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Cutting Back...or How Low Can You Go?
by Eleanor Tylbor
by Eleanor Tylbor

email: ejul1@yahoo.com

Eleanor Tylbor has been a freelance writer and columnist for more than twenty years. A resident of Laval, Quebec, Canada, she began her career as a columnist writing for weekly papers and continues to freelance a column covering local news for “The Chomedy News.”

She has also freelanced articles for Internet sites in addition to providing human-interest pieces for various dailies, and is a monthly contributor to the IcanGarden.com site, sharing her humorous observations and gardening-angst with gardening aficionados.

She is now into balcony gardening.

Blog The (Somewhat) Complete Gardener


July 9, 2006

When it comes to gardening everyone has an opinion. More to the point, they offer it whether it's asked for or not.

A couple of weeks ago we cut back our thirty-eight year old honeysuckle shrubs to where they are now approximately 12” high. They weren't supposed to be that short but in gardening as in life, the path is filled with good intentions.

The shrubs were planted during the first year we moved in our house as a natural means of closing in our back garden instead of a fence.

"A fence is so confining," was the story we used at the time but if truth be told, planting shrubs was a cheaper alternative. Honeysuckle was selected due to its hardiness and adaptability to all situations. The specie also has a lot going for it producing pretty pink flowers in the Spring that turn into ripe red berries in the autumn, a big hit with the birds. They also provide shelter for the birds from the cold and snow of winter.

Although the tops of the shrubs are trimmed on a regular basis, the branches never reached their full potential. A severe trimming was necessary - at least we thought it was - in the hope that they would grow back thick and lush. At least thick, anyway. Given the scope of the job, Argy, our occasional gardener, would be asked to do the job.

Thing is, Argy doesn’t like cutting shrubs that he deems to be too high, which is anything at the four-and-a-half feet and over level necessitating a ladder. Messages left on his voice mail are inevitably ignored and it’s a wonder he has a thriving business. The best means in which to communicate with him is to catch him actually working on the job. You would have thought that he was being asked to cut down a forest.

"Your shrubs are too high. Too much work. I'm too busy. Maybe," he commented while zipping across the lawn on a tractor/lawnmower.

In retrospect he should have been instructed exactly how short to go given his aversion to cutting shrubs, period. One minute they were...there, and the next all that remained were 12” high almost-bare, more-or-less leaf-less twigs jutting out of woody bottoms. When questioned as to the extreme cut back, Argy was quick to point out that he was never given any specific guidelines how much to cut off. He insisted while bundling up the bushes that they would grow back in no time and that they would look better than ever.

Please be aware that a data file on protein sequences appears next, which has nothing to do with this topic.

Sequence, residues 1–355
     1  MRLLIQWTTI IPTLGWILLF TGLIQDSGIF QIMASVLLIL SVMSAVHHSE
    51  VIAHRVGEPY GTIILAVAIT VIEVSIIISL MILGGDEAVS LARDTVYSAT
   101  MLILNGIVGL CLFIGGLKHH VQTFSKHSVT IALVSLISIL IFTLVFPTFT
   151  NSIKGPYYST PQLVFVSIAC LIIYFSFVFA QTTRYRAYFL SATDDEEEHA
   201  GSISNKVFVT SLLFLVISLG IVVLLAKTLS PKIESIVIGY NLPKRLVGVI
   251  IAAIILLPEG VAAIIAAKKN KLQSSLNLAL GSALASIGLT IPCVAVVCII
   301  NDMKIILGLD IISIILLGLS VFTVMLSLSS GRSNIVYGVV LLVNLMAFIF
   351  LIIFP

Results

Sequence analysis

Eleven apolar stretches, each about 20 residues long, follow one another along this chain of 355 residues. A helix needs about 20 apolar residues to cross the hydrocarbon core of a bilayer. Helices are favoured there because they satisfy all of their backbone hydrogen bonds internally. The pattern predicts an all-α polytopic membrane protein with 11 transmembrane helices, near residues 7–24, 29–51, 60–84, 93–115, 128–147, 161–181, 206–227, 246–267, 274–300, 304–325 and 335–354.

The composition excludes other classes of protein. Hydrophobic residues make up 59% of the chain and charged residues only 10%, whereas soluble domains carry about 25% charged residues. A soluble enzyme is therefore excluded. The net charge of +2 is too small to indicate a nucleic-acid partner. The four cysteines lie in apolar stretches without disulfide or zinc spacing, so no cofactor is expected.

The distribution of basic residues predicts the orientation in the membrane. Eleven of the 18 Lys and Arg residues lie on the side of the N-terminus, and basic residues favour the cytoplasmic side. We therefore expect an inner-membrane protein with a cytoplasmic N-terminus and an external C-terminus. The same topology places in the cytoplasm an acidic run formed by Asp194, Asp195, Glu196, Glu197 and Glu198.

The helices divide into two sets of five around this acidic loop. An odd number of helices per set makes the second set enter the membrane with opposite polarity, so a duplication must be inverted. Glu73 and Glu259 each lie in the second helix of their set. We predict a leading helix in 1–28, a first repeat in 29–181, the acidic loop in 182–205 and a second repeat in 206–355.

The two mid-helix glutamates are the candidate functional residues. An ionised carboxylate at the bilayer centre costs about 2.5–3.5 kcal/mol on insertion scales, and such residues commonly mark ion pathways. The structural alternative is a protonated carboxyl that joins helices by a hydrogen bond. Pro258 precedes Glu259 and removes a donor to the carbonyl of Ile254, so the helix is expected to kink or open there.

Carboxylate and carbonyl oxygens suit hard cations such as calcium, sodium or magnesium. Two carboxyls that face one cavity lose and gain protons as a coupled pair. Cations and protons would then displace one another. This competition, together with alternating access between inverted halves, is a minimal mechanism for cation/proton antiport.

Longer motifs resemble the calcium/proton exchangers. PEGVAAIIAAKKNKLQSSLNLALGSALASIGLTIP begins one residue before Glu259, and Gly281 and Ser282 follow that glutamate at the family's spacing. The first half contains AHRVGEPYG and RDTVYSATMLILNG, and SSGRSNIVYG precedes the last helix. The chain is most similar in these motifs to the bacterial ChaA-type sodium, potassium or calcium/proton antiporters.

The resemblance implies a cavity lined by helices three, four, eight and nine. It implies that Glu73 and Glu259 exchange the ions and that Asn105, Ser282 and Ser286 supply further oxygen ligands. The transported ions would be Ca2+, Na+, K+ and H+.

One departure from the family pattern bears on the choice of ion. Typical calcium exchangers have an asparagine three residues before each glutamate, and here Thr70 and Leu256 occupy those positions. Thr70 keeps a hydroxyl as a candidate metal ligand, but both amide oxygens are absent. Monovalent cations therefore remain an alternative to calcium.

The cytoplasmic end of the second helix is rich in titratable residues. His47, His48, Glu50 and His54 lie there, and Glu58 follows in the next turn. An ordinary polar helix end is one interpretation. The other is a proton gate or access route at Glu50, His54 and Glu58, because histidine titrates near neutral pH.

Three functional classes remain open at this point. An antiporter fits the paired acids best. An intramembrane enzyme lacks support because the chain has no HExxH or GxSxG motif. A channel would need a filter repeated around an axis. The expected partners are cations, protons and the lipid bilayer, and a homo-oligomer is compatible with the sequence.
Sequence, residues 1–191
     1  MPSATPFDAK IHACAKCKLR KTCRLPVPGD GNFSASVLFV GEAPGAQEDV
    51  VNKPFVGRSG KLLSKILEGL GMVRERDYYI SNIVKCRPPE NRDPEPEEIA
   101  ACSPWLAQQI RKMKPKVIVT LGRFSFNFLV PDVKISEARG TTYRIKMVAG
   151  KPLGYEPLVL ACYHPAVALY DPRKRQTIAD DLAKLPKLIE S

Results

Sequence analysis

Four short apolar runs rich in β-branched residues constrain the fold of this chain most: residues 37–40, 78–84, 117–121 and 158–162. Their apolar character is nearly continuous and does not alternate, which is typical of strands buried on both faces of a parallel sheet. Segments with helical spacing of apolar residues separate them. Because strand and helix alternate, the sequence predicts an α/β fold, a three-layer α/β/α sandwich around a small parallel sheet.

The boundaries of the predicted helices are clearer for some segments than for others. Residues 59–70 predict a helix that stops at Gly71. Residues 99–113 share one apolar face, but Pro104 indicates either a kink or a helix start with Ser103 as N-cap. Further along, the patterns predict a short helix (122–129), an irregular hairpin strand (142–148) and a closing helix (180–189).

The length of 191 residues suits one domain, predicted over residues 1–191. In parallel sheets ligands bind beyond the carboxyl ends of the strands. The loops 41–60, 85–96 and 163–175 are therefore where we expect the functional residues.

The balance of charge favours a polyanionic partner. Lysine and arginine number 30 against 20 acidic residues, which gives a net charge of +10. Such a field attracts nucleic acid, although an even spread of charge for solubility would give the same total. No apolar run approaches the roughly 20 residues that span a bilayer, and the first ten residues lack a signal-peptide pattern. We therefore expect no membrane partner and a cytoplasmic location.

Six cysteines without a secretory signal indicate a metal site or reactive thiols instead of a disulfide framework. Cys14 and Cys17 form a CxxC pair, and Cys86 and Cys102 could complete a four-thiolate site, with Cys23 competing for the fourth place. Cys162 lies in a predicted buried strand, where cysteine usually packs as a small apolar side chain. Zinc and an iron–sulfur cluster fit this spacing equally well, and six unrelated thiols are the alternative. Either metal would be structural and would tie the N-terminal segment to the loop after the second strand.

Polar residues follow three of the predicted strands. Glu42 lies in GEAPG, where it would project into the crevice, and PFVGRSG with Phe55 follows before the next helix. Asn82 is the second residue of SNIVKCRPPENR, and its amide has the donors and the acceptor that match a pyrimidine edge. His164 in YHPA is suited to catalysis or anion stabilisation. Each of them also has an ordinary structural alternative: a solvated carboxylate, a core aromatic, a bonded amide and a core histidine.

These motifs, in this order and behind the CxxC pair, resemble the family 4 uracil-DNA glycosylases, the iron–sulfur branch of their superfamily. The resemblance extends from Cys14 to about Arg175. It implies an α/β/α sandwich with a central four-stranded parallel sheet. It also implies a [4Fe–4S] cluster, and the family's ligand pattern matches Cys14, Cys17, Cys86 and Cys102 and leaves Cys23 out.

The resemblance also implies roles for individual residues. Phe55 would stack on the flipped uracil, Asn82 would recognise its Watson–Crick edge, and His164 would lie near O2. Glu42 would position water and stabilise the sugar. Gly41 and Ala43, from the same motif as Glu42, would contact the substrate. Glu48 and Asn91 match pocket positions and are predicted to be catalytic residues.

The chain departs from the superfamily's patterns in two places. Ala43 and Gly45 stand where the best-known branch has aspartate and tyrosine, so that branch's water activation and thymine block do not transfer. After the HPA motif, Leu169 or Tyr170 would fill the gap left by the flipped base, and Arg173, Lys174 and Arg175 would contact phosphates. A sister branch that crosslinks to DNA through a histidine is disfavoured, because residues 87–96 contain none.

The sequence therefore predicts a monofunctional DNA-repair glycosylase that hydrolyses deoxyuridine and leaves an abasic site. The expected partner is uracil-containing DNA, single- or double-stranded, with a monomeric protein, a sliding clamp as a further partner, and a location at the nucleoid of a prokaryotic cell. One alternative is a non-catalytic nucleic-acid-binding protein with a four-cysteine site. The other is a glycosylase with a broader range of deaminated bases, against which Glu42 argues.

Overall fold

Did I mention that Argy doesn't believe in sweeping up? Too bad since it would have eliminated a lot of the ensuing aggravation.

So we’re raking and sweeping the sidewalk and along comes neighbor, Mrs. Busybody, accompanied by a small dog on a leash. She stops and trades small talk while the dog sniffs what’s left of the shrubs.

“So you finally cut the shrubs,” she told my husband pulling on the leash as the dog watered a shrub. “It’s about time.”

This is a neighbor who rarely comments about them – or anything else. A rant followed, focusing on how high and wild they were allowed to grow and getting more vocal with each statement.

“Sometimes ‘Poopsy’ here had to walk on the road because your shrubs blocked the sidewalk,” she stated matter-of-factly. “You should have more consideration for our four-footed friends.”

No sooner had she finished her lecture, Mr. Neighbor Three Doors Down loped over to join in the fray.

“You cut your shrubs too short and it’s too late in the season,” he offered bending down to touch a leafless branch. “They’re probably going to die!”

Mrs. Busybody and Mr. Two Doors Down then had a lively discussion regarding the merits of allowing shrubs to grow tall versus keeping them low. Soon more neighbors joined them with the honeysuckles being the center of the conversation.

In the middle of it all Argy drove by. He slowed down and smiled approvingly. Smart guy our Argy. He knew that he wouldn't have to do a major shrub cutting for a long time.

Did I mention he's not answering his voice mail again? Not surprising after the message we left him.
 

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